Dynamic cerebral autoregulation is preserved during acute head-down tilt

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Complete ganglion blockade alters dynamic cerebral autoregulation, suggesting links between systemic autonomic traffic and regulation of cerebral blood flow velocity. We tested the hypothesis that acute head-down tilt, a physiological maneuver that decreases systemic sympathetic activity, would similarly disrupt normal dynamic cerebral autoregulation. We studied 10 healthy young subjects (5 men and 5 women; age 21 ± 0.88 yr, height 169 ± 3.1 cm, and weight 76 ± 6.1 kg). ECG, beat-by-beat arterial pressure, respiratory rate, end-tidal CO2 concentration, and middle cerebral blood flow velocity were recorded continuously while subjects breathed to a metronome. We recorded data during 5-min periods and averaged responses from three Valsalva maneuvers with subjects in both the supine and -10° head-down tilt positions (randomized). Controlled-breathing data were analyzed in the frequency domain with power spectral analysis. The magnitude of input-output relations were determined with cross-spectral techniques. Head-down tilt significantly reduced Valsalva phase IV systolic pressure overshoot from 36 ± 4.0 (supine position) to 25 ± 4.0 mmHg (head down) (P = 0.03). Systolic arterial pressure spectral power at the low frequency decreased from 5.7 ± 1.6 (supine) to 4.4 ± 1.6 mmHg2 (head down) (P= 0.02), and mean arterial pressure spectral power at the low frequency decreased from 3.3 ± 0.79 (supine) to 2.0 ± 0.38 mmHg2 (head down) (P = 0.05). Head-down tilt did not affect cerebral blood flow velocity or the transfer function magnitude and phase angle between arterial pressure and cerebral blood flow velocity. Our results show that in healthy humans, mild physiological manipulation of autonomic activity with acute head-down tilt has no effect on the ability of the cerebral vasculature to regulate flow velocity.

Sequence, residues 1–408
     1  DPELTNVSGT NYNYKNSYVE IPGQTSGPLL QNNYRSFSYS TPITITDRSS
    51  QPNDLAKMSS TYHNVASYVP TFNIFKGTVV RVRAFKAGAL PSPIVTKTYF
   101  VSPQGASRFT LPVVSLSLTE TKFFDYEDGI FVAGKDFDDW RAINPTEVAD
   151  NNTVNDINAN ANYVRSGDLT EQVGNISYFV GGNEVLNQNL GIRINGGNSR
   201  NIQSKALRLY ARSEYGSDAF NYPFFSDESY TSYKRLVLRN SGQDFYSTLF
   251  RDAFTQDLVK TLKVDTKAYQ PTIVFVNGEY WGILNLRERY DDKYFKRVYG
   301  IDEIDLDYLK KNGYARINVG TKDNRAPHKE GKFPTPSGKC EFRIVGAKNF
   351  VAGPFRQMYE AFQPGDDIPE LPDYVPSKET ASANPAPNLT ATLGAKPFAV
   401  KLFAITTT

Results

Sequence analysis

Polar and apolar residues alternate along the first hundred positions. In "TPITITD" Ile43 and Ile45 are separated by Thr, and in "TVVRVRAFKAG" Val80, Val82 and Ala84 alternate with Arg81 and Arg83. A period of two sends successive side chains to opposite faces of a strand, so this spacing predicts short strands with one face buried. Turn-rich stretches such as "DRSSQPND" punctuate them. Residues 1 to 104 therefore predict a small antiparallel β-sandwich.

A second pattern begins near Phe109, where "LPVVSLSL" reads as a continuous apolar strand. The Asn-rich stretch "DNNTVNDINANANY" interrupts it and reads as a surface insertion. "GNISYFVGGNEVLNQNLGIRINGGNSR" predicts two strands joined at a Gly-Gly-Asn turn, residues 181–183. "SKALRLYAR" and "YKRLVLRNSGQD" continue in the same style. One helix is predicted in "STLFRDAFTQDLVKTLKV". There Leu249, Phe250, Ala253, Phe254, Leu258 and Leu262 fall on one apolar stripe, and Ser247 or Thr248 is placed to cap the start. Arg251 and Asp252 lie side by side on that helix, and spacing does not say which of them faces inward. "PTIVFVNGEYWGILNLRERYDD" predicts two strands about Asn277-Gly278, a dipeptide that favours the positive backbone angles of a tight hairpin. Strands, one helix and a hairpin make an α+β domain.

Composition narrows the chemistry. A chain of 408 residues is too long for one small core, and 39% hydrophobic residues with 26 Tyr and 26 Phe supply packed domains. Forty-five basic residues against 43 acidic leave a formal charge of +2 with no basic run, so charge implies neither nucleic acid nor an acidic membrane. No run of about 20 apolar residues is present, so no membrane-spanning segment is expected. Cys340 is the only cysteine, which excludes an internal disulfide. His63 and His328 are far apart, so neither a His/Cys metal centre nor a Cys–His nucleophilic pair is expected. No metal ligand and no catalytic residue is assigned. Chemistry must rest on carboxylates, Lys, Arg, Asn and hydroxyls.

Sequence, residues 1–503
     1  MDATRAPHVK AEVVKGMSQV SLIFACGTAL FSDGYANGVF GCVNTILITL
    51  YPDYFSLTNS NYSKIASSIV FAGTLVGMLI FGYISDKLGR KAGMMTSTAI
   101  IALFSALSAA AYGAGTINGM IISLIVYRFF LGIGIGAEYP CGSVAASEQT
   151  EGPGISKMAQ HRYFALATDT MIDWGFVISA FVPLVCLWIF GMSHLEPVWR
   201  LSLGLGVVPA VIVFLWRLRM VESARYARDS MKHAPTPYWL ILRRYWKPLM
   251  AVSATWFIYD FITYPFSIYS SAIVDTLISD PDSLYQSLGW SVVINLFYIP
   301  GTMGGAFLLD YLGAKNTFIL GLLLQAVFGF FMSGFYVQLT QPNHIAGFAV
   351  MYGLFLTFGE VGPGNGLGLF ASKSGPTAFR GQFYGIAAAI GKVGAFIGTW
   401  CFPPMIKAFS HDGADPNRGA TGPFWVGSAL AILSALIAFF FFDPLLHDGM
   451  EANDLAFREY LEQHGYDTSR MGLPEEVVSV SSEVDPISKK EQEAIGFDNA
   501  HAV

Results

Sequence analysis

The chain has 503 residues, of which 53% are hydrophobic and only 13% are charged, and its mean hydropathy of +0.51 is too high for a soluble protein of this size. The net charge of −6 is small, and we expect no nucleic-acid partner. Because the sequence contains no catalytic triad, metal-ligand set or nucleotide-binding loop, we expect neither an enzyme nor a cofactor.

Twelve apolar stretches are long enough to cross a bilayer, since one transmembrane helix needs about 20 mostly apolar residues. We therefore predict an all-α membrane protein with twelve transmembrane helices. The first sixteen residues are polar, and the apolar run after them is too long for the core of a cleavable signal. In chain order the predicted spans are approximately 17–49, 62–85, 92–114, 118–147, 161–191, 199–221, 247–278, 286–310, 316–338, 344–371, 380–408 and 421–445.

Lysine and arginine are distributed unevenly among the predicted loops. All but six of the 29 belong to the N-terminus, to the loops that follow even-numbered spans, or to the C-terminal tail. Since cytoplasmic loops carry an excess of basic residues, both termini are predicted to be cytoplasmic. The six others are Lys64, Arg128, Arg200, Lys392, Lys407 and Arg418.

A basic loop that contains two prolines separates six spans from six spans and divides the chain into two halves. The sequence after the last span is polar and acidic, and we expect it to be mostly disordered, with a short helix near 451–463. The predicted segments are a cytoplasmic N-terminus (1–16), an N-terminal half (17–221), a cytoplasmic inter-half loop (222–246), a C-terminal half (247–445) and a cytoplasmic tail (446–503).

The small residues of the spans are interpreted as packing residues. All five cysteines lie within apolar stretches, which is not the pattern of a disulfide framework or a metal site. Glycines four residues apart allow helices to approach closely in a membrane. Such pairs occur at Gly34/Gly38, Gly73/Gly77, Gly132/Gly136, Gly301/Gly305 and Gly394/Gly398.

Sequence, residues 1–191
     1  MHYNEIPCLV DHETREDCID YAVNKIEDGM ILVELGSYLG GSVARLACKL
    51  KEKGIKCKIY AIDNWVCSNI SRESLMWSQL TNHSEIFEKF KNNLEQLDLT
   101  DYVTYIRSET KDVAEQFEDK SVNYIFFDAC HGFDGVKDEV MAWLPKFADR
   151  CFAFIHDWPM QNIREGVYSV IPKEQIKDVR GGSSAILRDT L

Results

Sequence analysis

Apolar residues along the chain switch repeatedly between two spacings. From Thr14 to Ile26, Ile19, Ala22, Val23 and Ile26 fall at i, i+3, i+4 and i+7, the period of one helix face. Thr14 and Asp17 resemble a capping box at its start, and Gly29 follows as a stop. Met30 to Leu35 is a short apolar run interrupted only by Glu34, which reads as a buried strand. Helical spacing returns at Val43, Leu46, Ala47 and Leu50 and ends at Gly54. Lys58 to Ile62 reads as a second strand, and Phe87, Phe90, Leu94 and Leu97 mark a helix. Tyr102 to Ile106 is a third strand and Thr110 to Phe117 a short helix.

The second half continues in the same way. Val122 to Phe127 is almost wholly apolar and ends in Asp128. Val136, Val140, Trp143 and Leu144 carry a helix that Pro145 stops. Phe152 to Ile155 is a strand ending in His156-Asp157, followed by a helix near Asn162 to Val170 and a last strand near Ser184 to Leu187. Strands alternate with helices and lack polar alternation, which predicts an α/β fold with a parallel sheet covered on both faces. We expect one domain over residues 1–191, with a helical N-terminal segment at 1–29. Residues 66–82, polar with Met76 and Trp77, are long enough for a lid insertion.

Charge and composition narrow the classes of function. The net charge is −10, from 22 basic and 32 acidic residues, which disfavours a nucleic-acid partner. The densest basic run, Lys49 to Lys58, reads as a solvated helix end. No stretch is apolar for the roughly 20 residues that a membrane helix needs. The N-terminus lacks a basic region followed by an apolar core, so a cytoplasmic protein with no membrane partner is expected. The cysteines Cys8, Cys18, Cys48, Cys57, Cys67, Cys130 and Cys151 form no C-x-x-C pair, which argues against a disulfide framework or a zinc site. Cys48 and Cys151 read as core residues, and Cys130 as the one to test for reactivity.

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© 2003 the American Physiological Society. Publisher's version of record: https://doi.org/10.1152/japplphysiol.00524.2003

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Journal of Applied Physiology